Esteban A, Alía I, Ibáñez J, Benito S, Tobin MJ, Spanish Lung Failure Collaborative Group (1994) Modes of mechanical ventilation and weaning: a national survey of Spanish hospitals. Chest 106:1188–1193Google Scholar
  9. 9.
    Wagner DP (1989) Economics of prolonged mechanical ventilation. Am Rev Respir Dis 140:S14-S18Google Scholar
  10. 10.
    Cohen IL, Bari N, Strosberg MA, Weinberg PF, Wacksman RM, Millstein BH, Fein IA (1991) Reduction of duration and cost of mechanical ventilation in an intensive care unit by use of ventilatory management team. Crit Care Med 19:1278–1284Google Scholar
  11. 11.
    Esteban A, Frutos F, Tobin MJ, Alía I, Solsona JF, Valverdú I, Fernandez R, De la Cal MA, Benito S, Tomàs R, Carriedo D, Macias S, Blanco J for the Spanish Lung Failure Collaborative Group (1995) A comparison of four methods of weaning patients from mechanical ventilation. N Engl J Med 332:345–350Google Scholar
  12. 12.
    Knaus WA, Draper E, Wagner DP, Zimmerman JE (1985) APACHE II: a severity of disease classification system. Crit Care Med 13:818–829Google Scholar
  13. 13.
    Lemeshow S, Teres D, Klar J, Avrunin JS, Gehlbach SH, Rapoport J (1993) Mortality Probability Models (MPM II) based on an international cohort of intensive care unit patients. JAMA 270:2478–2486Google Scholar
  14. 14.
    Holliday JE, Hyers TM (1990) The reduction of weaning time from mechanical ventilation using tidal volume and relaxation biofeedback. Am J Respir Crit Care Med 141:1214–1220Google Scholar
  15. 15.
    Strickland JH, Hasson JH (1991) A computer-controlled ventilator weaning system. Chest 100:1096–1099Google Scholar
  16. 16.
    Tong DA (1991) Weaning patients from mechanical ventilation. A knowledgebased system approach. Comput Methods Programs Biomed 35:267–278Google Scholar
  17. 17.
    Henneman EA (1989) Effect of nursing contact on the stress response of patients being weaned from mechanical ventilation. Heart Lung 18:483–489Google Scholar
  18. 18.
    Thorens JB, Kaelin RM, Jolliet P, Chevrolet JC (1995) Influence of the quality of nursing on the duration of weaning from mechanical ventilation in patients with chronic obstructive pulmonary disease. Crit Care Med 23:1807–1815Google Scholar
  19. 19.
    Weinberg SE, Weiss JW (1995) Weaning from ventilatory support. N Engl J Med 332:388–389Google Scholar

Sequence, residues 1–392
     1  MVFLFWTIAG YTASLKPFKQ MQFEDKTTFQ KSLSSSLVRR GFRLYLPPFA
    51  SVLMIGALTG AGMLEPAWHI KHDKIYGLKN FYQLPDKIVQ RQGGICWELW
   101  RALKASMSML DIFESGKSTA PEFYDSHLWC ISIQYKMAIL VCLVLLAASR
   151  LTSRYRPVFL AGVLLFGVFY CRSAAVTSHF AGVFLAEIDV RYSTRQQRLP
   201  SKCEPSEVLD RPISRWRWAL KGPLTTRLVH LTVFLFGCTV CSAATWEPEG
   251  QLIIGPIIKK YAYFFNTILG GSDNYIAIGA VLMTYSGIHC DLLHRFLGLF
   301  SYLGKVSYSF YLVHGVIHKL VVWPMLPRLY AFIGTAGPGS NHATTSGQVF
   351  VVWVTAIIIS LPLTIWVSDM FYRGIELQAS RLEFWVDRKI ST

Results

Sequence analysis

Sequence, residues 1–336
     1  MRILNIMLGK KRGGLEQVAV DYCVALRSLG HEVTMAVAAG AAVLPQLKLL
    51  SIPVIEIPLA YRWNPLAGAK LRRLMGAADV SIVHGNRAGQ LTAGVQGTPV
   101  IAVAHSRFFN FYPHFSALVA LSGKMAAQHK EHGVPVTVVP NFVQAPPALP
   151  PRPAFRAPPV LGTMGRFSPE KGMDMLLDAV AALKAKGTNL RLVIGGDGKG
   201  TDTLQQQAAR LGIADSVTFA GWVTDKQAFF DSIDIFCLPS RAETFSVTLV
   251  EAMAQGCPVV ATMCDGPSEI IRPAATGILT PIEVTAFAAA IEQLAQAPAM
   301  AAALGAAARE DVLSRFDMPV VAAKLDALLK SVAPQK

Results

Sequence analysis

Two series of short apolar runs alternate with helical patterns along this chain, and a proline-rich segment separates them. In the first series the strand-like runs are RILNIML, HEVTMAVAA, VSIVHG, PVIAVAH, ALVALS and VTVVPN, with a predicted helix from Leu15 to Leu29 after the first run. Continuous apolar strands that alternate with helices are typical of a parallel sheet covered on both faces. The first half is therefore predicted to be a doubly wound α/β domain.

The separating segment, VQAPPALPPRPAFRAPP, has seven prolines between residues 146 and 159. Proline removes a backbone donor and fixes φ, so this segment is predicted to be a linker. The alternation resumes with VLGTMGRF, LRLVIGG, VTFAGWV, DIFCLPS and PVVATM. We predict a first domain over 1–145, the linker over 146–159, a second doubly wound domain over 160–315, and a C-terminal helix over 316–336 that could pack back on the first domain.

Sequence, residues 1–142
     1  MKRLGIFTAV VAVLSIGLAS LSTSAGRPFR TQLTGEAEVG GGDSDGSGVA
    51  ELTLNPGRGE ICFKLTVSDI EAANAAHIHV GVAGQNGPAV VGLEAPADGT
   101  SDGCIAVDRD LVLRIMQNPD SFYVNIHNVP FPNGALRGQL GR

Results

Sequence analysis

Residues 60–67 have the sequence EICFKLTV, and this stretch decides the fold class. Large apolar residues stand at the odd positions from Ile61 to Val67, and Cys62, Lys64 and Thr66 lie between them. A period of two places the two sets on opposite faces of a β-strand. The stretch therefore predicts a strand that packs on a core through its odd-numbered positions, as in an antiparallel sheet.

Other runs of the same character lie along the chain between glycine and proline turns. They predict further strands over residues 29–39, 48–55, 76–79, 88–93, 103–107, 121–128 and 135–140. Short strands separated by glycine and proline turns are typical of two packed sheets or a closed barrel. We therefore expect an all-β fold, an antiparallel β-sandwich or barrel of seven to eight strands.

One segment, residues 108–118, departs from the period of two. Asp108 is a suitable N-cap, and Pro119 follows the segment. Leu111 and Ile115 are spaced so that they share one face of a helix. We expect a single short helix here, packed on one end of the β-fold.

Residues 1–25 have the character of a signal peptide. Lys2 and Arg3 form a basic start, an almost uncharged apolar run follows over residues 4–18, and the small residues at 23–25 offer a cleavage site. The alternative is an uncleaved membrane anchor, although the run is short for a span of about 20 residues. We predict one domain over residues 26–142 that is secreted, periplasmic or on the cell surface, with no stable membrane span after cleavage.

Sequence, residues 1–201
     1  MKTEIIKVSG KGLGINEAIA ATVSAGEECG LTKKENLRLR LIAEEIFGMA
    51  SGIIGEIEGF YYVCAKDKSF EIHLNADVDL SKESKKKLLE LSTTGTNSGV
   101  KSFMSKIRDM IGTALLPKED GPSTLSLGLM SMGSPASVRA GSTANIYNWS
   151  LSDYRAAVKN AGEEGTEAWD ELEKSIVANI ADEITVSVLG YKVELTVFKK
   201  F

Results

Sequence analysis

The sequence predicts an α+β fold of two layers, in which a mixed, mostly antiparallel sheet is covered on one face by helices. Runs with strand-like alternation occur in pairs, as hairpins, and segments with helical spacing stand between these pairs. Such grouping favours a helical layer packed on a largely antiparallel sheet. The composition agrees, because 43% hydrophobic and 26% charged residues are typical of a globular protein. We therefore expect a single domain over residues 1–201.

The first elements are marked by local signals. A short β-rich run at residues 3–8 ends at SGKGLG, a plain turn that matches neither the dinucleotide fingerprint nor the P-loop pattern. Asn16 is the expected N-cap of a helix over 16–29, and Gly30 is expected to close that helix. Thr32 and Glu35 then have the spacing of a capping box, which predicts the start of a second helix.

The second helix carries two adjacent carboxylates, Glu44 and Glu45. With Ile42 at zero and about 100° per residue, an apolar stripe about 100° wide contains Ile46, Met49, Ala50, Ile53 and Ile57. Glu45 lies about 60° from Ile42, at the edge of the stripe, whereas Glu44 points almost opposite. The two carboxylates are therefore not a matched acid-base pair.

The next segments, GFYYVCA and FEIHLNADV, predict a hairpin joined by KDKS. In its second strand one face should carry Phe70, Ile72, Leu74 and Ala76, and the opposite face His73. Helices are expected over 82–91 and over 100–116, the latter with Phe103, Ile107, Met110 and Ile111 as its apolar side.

20. 20.
    Epstein SK (1995) Etiology of extubation failure and the predictive value of the rapid shallow index. Am J Respir Crit Care Med 152:545–549Google Scholar
  21. 21.
    Tahvanainen J, Salmenpera M, Nikki P (1983) Extubation criteria after weaning from intermittent mandatory ventilation and continuous positive airway pressure. Crit Care Med 11:702–707Google Scholar
  22. 22.
    Sassoon CSH, Mahutte CK (1993) Airway occlusion pressure and breathing pattern as predictors of weaning outcome. Am J Respir Crit Care Med 148:860–866Google Scholar
  23. 23.
    Brochard I, Rauss A, Benito S, Conti G, Mancebo J, Rekik N, Gasparetto A, Lemaire F (1994) Comparison of three methods of gradual withdrawal from ventilatory support during weaning from mechanical ventilation. Am J Respir Crit Care Med 150:896–903Google Scholar
  24. 24.
    Lee KH, Hui KP, Chan TB, Tan WC, Lim TK (1994) Rapid shallow breathing (frequency-tidal volume ratio) did not predict extubation outcome. Chest 105:540–543Google Scholar
  25. 25.
    Demling RH, Read T, Lind LJ, Flanagan HL (1988) Incidence and morbidity of extubation failure in surgical intensive care patients. Crit Care Med 16:573–577Google Scholar

Copyright information

© Springer-Verlag 1996

Authors and Affiliations

  • P. Saura
    • 1
  • L. Blanch
    • 1
  • J. Mestre
    • 1
  • J. Vallés
    • 1
  • A. Artigas
    • 1
  • R. Fernández
    • 1
  1. 1.Intensive Care DepartmentHospital de Sabadell Parc Taulí s/nSabadellSpain

Personalised recommendations